Found on http://www.aeroplanemonthly.com/glossary/

Drift

A change of a reading or a set point value over long periods due to several factors including change in ambient temperature, time, and line voltage.
Found on http://www.flowmeterdirectory.com/flowmeter_technical_glossary/flowmeter_te

Drift

Drift noun [ From drive ; akin to LG. & Dutch drift a driving, Icelandic drift snowdrift, Danish drift , impulse, drove, herd, pasture, common, German trift pasturage, drove. See Drive .] 1. A driving; a violent movement. « The dragon drew him ...
Found on http://www.encyclo.co.uk/webster/D/122

Drift

Drift intransitive verb [ imperfect & past participle Drifted ; present participle & verbal noun Drifting .] 1. To float or be driven along by, or as by, a current of water or air; as, the ship drifted astern; a raft dr...
Found on http://www.encyclo.co.uk/webster/D/122

Drift

Drift transitive verb 1. To drive or carry, as currents do a floating body. J. H. Newman. 2. To drive into heaps; as, a current of wind drifts snow or sand. 3. (Machinery) To enlarge or shape, as a hole, with a drift.
Found on http://www.encyclo.co.uk/webster/D/122

Drift

Drift adjective That causes drifting or that is drifted; movable by wind or currents; as, drift currents; drift ice; drift mud. Kane. Drift anchor . See Sea anchor , and also Drag sail , under Drag , noun -...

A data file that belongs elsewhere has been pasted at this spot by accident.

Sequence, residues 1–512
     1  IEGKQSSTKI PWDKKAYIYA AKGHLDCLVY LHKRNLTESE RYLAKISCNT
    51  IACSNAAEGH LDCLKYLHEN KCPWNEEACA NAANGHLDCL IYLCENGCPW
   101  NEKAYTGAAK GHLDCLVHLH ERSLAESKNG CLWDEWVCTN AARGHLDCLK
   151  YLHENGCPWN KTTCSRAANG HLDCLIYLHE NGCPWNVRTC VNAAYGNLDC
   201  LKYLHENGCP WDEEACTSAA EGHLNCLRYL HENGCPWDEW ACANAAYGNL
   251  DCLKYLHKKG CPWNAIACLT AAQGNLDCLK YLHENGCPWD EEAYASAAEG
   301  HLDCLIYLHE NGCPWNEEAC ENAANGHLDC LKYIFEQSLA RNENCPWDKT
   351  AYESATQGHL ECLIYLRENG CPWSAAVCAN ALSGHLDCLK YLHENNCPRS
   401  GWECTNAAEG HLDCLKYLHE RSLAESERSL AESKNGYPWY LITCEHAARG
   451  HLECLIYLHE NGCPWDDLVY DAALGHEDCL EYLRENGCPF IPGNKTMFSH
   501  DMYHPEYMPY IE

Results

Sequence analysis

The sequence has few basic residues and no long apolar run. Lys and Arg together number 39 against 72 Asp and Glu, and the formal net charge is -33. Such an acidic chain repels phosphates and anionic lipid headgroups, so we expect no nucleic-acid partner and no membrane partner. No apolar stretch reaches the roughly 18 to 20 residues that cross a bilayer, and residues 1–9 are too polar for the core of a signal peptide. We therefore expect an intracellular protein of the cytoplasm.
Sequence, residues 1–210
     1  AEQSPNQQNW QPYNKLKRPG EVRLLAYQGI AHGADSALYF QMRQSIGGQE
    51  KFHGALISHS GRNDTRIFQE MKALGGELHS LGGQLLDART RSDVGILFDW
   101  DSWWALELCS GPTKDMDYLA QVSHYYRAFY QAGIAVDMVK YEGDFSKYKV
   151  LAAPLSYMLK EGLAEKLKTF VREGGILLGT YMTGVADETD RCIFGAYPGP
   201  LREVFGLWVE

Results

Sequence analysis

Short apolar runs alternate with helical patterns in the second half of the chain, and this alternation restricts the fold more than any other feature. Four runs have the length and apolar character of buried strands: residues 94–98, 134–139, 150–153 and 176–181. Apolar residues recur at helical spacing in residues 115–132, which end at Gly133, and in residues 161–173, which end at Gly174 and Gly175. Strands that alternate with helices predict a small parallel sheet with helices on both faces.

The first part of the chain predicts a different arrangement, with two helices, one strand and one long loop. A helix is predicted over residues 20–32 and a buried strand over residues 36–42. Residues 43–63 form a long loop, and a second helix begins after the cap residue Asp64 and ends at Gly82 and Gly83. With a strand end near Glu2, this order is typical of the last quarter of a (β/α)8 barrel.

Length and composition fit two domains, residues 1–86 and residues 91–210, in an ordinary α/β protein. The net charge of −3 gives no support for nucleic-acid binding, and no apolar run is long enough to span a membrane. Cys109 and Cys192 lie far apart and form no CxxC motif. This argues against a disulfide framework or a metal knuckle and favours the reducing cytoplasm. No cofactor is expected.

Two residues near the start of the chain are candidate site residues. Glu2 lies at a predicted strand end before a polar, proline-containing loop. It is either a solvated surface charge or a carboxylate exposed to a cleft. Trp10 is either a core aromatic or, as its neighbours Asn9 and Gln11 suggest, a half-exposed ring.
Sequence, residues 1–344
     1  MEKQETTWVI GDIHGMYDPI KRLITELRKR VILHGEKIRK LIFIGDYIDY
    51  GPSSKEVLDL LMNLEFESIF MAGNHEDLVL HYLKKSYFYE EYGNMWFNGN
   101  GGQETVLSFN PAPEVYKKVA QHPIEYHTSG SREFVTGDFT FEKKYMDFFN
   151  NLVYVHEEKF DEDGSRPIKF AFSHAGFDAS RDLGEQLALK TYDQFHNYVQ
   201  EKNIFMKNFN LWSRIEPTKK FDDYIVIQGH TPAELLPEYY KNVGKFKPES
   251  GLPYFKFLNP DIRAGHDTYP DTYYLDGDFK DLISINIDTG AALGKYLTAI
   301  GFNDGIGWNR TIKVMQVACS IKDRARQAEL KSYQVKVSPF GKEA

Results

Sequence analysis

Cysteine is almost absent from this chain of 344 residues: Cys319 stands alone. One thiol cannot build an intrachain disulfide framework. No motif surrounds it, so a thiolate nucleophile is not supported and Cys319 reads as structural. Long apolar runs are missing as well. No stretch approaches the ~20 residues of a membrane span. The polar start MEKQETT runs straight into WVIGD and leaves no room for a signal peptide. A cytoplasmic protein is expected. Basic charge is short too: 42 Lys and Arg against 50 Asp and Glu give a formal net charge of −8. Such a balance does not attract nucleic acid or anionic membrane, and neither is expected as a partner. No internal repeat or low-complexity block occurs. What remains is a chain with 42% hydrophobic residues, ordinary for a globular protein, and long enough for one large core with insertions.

Found on http://www.encyclo.co.uk/webster/D/122

drift

Collectively, stream invertebrates (almost wholly the aquatic larval stages of insects) that voluntarily or accidentally leave the substrate to move or float with the current, as well as terrestrial invertebrates that drop into the stream. Also, any detrital material transported in the water current. ... (09 Oct 1997) ...
Found on http://www.encyclo.co.uk/local/20973

drift

purport noun the pervading meaning or tenor; `caught the general drift of the conversation`
Found on http://wordnetweb.princeton.edu/perl/webwn?s=drift

drift

movement noun a general tendency to change (as of opinion); `not openly liberal but that is the trend of the book`; `a broad movement of the electorate to the right`
Found on http://wordnetweb.princeton.edu/perl/webwn?s=drift

drift

(drift) slow movement away from the normal or original position. a chance variation, as in gene frequency from one generation to another; the smaller the population, the greater the chance of random variations. antigenic drift relatively minor changes in the antigenic ...
Found on http://www.encyclo.co.uk/local/21001

Drift

• (n.) A passage driven or cut between shaft and shaft; a driftway; a small subterranean gallery; an adit or tunnel. • (v. i.) To float or be driven along by, or as by, a current of water or air; as, the ship drifted astern; a raft drifted ashore; the balloon drifts slowly east. • (n.) That which is driven, forced, or urged along &bu...
Found on http://thinkexist.com/dictionary/meaning/drift/

drift

(from the article `continental landform`) Theoretical matters were complicated further by suggestions during the 19th century that iceberg rafting of gravel during Noah`s Flood accounted for ...
Found on http://www.britannica.com/eb/a-z/d/75
No exact match found